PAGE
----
• Wielding the Public Charge Rule to block poor immigrants from the U.S. This is an immigration law provision that says that people who may be an economic drain on society (for instance, people with serious chronic illness) cannot attain citizenship or other permanent legal status. It is a hideously cruel rule to begin with, but now the Trump regime is wielding it to block most poor immigrants. Under the regime’s interpretation—which has been allowed (so far at least) by the U.S. Supreme Court, and supported by Trump’s new appointee, Amy Coney Barrett—anyone who hit a hard patch and needed help could be deemed a “public charge.” For instance, if someone lost their job and received food stamps, cash assistance and rent support for four months (within a three-year period)—that would be “disqualifying”.

U.S. immigration officials raided several Mississippi food processing plants in 2019. (AP Photo/Rogelio V. Solis)

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All of these measures and policies, and many more that we have not gotten into, constitute blatant ethnic cleansing, completely in line with Trump’s statement that he didn’t want immigrants from “shit-hole countries” like Haiti or “Africa.” They are already causing widespread suffering and death among millions of desperate people, and if Trump remains in power, they have already told us that things will get much worse. Stephen Miller says ICE raids will escalate, sanctuary cities will be targeted, the Asylum Cooperative Agreements will be expanded worldwide.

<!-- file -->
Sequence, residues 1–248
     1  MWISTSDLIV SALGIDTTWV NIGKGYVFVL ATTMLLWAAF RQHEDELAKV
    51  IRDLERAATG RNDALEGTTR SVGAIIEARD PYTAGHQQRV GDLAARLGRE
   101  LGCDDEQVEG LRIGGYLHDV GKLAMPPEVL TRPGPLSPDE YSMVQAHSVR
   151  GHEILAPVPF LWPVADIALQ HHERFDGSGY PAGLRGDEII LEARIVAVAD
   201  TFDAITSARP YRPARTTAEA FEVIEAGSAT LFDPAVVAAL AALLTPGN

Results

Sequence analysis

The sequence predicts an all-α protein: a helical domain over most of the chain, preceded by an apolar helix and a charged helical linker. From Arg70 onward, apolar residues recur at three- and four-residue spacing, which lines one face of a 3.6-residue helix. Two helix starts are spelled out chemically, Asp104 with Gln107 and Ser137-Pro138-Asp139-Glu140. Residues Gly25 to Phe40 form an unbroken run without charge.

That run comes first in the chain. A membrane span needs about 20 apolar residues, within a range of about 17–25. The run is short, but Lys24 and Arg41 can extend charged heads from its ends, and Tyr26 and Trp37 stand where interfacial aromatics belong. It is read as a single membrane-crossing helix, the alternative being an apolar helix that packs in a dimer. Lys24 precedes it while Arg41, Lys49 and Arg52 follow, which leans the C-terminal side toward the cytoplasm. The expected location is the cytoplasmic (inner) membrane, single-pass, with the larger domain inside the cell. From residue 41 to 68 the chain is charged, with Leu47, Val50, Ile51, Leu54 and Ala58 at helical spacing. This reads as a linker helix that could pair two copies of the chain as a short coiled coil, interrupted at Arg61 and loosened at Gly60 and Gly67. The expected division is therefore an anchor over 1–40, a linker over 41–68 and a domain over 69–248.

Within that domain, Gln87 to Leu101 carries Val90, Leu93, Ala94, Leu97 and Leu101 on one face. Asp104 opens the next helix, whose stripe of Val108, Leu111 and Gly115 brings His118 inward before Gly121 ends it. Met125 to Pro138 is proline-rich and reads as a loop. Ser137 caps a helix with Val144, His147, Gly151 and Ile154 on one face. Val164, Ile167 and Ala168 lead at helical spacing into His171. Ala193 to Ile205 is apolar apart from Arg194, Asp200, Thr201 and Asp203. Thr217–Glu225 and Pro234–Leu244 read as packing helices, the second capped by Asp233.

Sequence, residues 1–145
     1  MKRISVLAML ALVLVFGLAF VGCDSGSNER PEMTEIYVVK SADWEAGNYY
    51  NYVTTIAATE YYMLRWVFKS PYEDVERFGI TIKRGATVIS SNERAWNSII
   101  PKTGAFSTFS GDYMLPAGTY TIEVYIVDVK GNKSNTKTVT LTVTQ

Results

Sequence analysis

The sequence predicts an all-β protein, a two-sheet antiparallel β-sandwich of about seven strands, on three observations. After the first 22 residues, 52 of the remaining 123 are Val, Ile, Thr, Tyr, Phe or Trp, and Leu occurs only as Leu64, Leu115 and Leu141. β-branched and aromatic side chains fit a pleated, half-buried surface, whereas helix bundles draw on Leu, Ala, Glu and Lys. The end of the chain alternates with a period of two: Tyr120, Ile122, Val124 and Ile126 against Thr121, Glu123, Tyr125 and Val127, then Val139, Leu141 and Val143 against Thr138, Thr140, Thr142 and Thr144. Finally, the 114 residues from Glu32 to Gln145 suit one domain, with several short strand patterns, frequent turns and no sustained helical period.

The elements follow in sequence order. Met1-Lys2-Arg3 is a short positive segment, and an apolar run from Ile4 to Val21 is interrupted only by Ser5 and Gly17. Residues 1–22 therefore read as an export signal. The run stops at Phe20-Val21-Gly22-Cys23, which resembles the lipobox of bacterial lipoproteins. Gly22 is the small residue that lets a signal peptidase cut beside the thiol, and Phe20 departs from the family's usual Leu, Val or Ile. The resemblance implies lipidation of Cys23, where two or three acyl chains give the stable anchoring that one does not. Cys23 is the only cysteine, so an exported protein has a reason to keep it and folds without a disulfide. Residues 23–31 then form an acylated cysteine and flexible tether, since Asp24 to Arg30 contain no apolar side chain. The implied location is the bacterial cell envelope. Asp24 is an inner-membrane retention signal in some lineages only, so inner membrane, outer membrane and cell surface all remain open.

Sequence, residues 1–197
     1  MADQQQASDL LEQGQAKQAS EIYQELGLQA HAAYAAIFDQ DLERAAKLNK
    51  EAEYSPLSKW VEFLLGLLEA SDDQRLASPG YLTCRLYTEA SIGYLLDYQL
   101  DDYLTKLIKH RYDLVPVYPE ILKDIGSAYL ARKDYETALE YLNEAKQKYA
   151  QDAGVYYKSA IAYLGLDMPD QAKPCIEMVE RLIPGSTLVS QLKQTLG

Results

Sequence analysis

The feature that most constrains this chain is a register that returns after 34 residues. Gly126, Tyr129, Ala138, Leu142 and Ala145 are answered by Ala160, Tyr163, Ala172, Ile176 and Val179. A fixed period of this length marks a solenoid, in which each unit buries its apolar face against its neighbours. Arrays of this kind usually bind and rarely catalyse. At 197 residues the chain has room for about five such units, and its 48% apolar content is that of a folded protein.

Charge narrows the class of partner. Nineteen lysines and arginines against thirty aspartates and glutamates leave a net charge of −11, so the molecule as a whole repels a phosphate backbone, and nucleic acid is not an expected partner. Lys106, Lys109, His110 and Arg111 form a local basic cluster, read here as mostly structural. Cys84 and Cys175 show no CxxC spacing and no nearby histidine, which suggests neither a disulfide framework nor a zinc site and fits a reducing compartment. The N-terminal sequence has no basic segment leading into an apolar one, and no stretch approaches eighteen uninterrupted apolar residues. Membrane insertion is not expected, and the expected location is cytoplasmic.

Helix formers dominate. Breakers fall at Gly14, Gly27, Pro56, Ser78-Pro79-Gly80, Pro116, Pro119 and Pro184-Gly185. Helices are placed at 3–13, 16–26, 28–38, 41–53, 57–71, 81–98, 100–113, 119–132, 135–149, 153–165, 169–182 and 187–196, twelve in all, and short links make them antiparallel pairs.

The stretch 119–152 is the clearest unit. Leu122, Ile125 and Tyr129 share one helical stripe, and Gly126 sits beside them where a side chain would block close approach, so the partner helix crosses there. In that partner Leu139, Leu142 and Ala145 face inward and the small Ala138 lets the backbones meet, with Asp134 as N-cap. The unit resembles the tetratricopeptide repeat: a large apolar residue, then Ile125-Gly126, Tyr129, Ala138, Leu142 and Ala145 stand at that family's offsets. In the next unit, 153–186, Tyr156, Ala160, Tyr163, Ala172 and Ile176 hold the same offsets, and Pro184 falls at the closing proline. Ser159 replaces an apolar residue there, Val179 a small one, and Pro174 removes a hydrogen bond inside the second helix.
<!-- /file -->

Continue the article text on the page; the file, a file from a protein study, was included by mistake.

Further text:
And as the AP noted, Trump “has openly toyed with trying to repeal a constitutional right to citizenship for anyone born in the United States,” which would throw into question the citizenship of millions of people who were born here.